May 13, 2020
Pamela Flick

Scientists are warning that saving nature and stabilizing the climate will require protecting at least 30 percent of the planet by 2030 (or “30x30”), en route to conserving half the Earth – a target that world renowned ecologist EO Wilson has said is absolutely necessary to safeguard the building blocks of our economy, including freshwater, clean air and ample food supply. If we don’t act quickly in the U.S., the problem will only get worse. A global 30x30 effort is under way from leading states, nations, scientists and conservation organizations to raise awareness of the threats facing our natural world and to inspire leaders around the world to take action. Conserving at least 30% of U.S. lands and oceans by 2030 is an ambitious but achievable goal.

Yosemite National Park
Sherman Hogue/DOI

On May 13, 2020, I testified at a public hearing in support of Assembly Bill 3030, a California state bill proposing the creation of a state 30x30 policy. This is an excerpt from my testimony.

Defenders strongly supports AB 3030 because it would improve protection of California’s unparalleled biodiversity with the creation of a 30 by 30 state policy. This bill comes at a critical time. Nature around the world is in a state of crisis, which threatens our planet and humanity. Approximately one million plant and animal species are threatened with extinction over the coming decades. As a globally significant biodiversity hotspot with an exceptional concentration of species found nowhere else on Earth, California has much to lose. At least 686 of our species are at risk of extinction and two-thirds of the state’s native plants will lose most of their range within the next century.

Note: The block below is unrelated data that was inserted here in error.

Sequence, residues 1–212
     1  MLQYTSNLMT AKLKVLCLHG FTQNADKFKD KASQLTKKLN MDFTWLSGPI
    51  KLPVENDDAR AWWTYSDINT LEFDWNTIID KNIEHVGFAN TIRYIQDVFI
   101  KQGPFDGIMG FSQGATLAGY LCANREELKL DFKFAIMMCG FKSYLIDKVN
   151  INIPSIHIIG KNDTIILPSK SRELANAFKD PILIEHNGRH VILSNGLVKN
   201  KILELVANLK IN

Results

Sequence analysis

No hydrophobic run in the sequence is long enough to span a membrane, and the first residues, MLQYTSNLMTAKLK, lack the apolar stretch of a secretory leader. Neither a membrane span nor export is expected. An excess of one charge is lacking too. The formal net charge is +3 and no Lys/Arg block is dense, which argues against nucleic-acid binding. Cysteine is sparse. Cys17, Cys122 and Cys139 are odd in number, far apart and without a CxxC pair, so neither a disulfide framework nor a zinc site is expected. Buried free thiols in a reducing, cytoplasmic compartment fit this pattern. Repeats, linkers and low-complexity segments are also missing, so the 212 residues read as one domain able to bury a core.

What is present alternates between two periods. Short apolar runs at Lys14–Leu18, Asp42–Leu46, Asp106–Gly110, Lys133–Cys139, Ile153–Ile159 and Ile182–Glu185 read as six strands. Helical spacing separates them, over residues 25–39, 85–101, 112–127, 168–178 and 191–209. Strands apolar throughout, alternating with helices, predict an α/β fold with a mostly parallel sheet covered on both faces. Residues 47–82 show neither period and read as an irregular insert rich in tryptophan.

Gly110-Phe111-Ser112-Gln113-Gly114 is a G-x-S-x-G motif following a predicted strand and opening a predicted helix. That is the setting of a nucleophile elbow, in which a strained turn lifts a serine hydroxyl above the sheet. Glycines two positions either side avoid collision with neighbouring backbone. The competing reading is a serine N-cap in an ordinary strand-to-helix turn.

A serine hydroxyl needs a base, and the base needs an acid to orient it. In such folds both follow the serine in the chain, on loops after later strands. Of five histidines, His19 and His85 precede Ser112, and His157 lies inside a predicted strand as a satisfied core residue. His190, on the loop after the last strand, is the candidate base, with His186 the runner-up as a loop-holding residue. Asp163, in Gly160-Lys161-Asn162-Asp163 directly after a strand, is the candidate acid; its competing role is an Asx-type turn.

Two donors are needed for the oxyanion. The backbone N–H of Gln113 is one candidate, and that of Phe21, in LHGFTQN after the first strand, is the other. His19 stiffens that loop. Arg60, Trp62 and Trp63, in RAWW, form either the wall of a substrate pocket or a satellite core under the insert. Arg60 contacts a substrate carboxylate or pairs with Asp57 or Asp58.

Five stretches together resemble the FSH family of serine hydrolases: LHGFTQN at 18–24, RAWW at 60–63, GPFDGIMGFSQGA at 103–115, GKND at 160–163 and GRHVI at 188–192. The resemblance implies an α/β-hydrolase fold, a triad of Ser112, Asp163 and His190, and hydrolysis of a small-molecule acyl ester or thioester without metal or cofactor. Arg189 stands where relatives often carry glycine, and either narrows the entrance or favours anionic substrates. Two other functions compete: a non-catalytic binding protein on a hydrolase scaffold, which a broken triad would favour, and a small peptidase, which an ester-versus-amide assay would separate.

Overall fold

Single Joshua Tree at end of rainbow
Renata Harrison/NPS

The current pandemic underscores that the protection of fragile, intact ecosystems is critical to public health. Diseases such as COVID-19 result from human-wildlife interactions and from human encroachment on wildlife habitat. There is a significant body of scientific research that shows protecting more open space and preserving biodiversity protects us by reducing the spread of these kinds of diseases, slowing the impacts of climate change and improving air and water quality.

Agassiz's desert tortoise eating cactus
Tom Egan

AB 3030 builds on an important movement for global action. Scientists and international and national leaders are calling for a worldwide goal to protect at least 30 percent of the planet by 2030 and are working towards having 100 countries support the 30 by 30 goal by the time the UN meets at the Convention on Biological Diversity early next year.

California Condor Release at Hopper Mountain NWR Near Los Padres National Forest
Jon Myatt/USFWS

California is already a leader in protecting biodiversity, with approximately twenty-two percent of its land area in protected status. But some of our most diverse areas, which provide ecosystem services like disease buffering, pollination, water filtration, and carbon sequestration critical to Californians, remain unprotected. We must set a goal of 30x30 – which we can achieve through existing means – to protect biodiversity and all that it provides us.

Carrizo Plain National Monument California superbloom
Bob Wick/BLM

With AB 3030, California can continue to lead the way towards meeting this important conservation goal and set an example for the rest of the country and, indeed, the world.

California Tiger Salamander
Margaret Mantor/CDFW

For these reasons, I urge your “Aye” vote. Thank you.


Pam Flick

Pamela Flick

California Program Director
Pam manages Defenders’ California Program and engages on a variety of issues statewide, including gray wolf recovery, responsible renewable energy planning and development, forest resilience and fire restoration, and advancing conservation of imperiled species and natural communities.

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